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Remembering Anthony Bourdain

By Will Lacey

Oh, where are my manners? I can’t start this budding relationship without introducing myself…you

know, first impressions and all. My name is Will Lacey and I will be your sherpa into the food and

beverage news (or what I consider news) for Columbia’s freshest, as the kids say, media outlet: Cola Crescent.

Join me as we discuss food history, food culture, food reviews, (I’m telling you now, it’s only positive

reviews. People that leave savage reviews can sit at the kid’s table, not my table) share a beverage or two, and get to know one another.

But for the first article, I am going to hit you right in the feels. Sorry, not sorry. It’s a subject I am

passionate about and will always work to break the stigma. Yes, we are going to talk about mental

health and depression with a side of anxiety. It is an issue across the board in the US, but I have

experienced and seen this far too many times within the food and beverage industry. So, this is relevant to my articles, I promise.

Recently the food and beverage industry lost an idol, Anthony Bourdain, to suicide. Personally speaking, it hurt. It hurt bad. And I was not surprised to see this feeling shared by many across the world wide interwebs. Countless posts paying tribute to a man that many of us wanted to be sprung up, even more posts with Suicide Hotline numbers and funds being donated to “break the stigma.” It was certainly nice to see the support for this cause being shared, and I hope this will continue. I truly do. There are countless issues and events that dominate the news, and constantly catch our attention and dedication. It can be overwhelming, but this is one I’ve lived with and it is my hope that we are able to continue to make progress. Without letting my strong feelings on this issue take me on a long-winded rant, I will wrap this paragraph up by saying that getting through mental health awareness and support will take a lot of patience. Depression can, without meaning to, effect those around the person suffering from the disease. Take it from me, we don’t mean for it to. The darkness just spreads. There won’t always be a clear way to speak to someone, nor will there be an obvious gesture that can bring someone to clarity. But take it from me, the support and good will is appreciated. It is horrifyingly terrifying for people to ponder the empty, alone, and helpless feeling one feels before taking their life. If you believe you are “too strong” to ever feel this way and view suicide as selfish and weak, learn some empathy. Many hands make light work, and we have a lot of work to do.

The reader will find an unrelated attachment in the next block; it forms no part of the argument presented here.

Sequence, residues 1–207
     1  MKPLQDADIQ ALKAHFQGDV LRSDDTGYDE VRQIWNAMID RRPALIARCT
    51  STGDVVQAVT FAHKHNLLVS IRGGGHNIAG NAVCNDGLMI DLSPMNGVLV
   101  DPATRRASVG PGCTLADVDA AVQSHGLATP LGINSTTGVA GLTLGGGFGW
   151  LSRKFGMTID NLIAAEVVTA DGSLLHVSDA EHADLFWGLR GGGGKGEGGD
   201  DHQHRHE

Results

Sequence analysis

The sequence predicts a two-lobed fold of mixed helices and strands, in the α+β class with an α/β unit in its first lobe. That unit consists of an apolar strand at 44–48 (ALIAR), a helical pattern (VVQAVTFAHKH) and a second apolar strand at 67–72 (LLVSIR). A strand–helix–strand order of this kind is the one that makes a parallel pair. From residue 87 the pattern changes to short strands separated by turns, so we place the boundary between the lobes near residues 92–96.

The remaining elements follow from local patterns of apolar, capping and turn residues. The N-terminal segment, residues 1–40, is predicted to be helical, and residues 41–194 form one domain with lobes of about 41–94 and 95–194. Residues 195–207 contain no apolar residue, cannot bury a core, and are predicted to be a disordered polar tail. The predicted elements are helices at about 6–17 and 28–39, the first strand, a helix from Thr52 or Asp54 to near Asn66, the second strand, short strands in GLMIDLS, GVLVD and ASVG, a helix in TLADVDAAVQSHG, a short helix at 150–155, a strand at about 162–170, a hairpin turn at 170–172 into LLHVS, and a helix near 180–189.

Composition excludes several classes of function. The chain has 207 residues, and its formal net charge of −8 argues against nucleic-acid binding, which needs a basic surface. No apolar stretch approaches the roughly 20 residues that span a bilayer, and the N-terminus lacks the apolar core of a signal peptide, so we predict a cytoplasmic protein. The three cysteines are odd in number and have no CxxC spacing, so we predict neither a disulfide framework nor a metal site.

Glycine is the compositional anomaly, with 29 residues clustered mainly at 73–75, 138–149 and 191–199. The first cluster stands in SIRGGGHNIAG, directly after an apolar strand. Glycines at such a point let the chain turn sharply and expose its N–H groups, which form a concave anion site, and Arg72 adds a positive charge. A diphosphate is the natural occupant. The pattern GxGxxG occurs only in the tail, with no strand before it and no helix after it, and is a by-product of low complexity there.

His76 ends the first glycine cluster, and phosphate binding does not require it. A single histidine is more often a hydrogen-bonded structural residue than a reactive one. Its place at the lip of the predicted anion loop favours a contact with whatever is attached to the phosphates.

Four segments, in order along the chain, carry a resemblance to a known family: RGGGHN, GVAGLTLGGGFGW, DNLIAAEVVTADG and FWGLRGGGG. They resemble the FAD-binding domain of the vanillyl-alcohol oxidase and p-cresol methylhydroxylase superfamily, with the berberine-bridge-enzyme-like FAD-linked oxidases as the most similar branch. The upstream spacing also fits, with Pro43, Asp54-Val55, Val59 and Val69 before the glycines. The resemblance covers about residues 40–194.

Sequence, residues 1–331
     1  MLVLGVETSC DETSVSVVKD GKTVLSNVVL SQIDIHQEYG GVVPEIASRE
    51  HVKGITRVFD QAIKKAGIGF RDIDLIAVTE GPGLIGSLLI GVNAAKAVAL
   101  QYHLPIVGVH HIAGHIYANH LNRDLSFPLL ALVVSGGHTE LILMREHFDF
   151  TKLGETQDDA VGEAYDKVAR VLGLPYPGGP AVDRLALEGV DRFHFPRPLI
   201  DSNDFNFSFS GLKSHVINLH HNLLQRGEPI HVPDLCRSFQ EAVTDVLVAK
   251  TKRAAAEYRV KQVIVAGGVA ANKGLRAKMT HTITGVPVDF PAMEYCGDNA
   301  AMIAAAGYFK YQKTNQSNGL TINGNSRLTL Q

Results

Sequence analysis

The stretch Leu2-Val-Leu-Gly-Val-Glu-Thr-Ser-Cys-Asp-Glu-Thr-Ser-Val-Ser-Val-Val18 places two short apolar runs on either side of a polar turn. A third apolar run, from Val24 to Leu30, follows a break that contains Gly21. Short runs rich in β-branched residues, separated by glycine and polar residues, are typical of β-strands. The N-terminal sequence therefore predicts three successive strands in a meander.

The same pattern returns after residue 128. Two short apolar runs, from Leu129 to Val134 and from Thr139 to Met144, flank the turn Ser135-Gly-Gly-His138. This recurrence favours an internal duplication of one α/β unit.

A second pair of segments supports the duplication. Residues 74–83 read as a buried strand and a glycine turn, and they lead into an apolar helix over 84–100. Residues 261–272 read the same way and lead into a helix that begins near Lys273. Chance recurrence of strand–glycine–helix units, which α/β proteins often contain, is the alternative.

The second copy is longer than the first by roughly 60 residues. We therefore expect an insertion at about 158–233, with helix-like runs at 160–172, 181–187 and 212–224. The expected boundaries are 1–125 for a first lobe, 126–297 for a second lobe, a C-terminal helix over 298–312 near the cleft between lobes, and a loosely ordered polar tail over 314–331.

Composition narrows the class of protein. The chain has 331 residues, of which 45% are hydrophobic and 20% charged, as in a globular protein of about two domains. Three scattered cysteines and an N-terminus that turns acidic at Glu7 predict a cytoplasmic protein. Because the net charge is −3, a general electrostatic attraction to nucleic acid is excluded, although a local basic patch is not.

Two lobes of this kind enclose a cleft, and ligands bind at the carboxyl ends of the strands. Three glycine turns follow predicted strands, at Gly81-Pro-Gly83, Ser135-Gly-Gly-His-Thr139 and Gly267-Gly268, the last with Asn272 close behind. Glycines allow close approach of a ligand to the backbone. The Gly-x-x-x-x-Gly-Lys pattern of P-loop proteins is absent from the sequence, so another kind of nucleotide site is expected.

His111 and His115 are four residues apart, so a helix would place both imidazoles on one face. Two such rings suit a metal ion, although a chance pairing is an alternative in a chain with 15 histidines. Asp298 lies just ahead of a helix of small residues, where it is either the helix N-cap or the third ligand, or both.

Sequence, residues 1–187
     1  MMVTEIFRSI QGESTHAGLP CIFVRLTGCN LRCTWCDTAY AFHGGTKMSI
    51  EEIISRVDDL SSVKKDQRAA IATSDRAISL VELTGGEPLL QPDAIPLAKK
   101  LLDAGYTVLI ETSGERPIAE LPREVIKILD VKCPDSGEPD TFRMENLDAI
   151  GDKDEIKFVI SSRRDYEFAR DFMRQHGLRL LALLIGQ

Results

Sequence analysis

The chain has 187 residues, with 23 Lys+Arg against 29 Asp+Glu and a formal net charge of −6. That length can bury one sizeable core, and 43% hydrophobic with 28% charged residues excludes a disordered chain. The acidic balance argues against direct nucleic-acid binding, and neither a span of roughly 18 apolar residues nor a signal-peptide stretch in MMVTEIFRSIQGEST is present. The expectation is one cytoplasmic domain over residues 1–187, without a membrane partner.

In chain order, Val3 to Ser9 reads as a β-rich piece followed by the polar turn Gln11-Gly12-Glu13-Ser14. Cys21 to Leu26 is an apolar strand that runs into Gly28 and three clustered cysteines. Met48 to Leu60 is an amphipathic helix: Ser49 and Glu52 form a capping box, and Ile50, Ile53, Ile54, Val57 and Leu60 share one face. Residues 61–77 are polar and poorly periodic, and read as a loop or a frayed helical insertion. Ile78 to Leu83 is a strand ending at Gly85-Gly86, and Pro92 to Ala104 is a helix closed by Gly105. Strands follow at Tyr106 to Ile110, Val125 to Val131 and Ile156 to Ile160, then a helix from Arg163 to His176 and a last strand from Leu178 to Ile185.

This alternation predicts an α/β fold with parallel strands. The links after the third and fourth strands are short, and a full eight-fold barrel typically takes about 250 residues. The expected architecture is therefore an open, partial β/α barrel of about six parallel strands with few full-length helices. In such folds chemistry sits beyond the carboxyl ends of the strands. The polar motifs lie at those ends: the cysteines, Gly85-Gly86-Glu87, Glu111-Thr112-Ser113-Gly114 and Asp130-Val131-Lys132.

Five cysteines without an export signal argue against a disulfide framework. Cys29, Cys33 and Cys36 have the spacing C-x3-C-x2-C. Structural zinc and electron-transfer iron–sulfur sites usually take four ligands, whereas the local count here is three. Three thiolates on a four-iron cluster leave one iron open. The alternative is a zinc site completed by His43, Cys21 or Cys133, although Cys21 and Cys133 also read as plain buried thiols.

If you are reading this, you are loved and appreciated. Sometimes talking about these issues and what you are feeling can be difficult. As millennial as it may sound, text someone. It can be easier to talk about it. This writer is certainly here for you and believes in you.

Now back to it. I would like to thank Anthony Bourdain for all that he did for me. Of course, he never knew I existed, but I immensely respect what he stood for and am appreciative for how he shaped my life and career. When I first started doing small dinners for friends and family, before I ever charged anyone for anything or won any awards, I read all his books. His gift of storytelling was ever present and would take me back to listening to tales from family and family friends at the beaches of South Carolina growing up. He cemented my belief in food’s ability to bring people together. To bring people together, that otherwise we may not interact with. At a table, you become family, and this is undoubtedly one of the more special aspects of life. I celebrate the ability to turn strangers to friends and friends into family. It is truly beautiful.

I would like to thank Anthony Bourdain for being real. He helped me become comfortable with who I am, the bad and the good with my early growth in the kitchen, which helped me find myself in life. The countless episodes steeped in the interaction with those unlike himself brought me out of many dark periods in my life. I found comfort of stepping out of comfort zones. It gave me hope. It gave me something to work toward. It gave me courage. This acknowledgment of who we are personally and professionally gives us the opportunity to share ourselves at the table, breaking bread. This, too, is truly beautiful.

Most importantly, I want to thank each of you for reading this. I am eager to continue sharing my views on various aspects of the food and beverage world. It is a remarkable industry that continues to provide platforms for the gathering of such a beautiful variation of people. In the meantime, you be you. Eat your veggies, and tip well.

***Moving forward, if there are any restaurants, food history, or recipes that you would like us to

cover, please do not hesitate to reach out and tell me to get to work.

45 views1 comment



Thanks for wrriting

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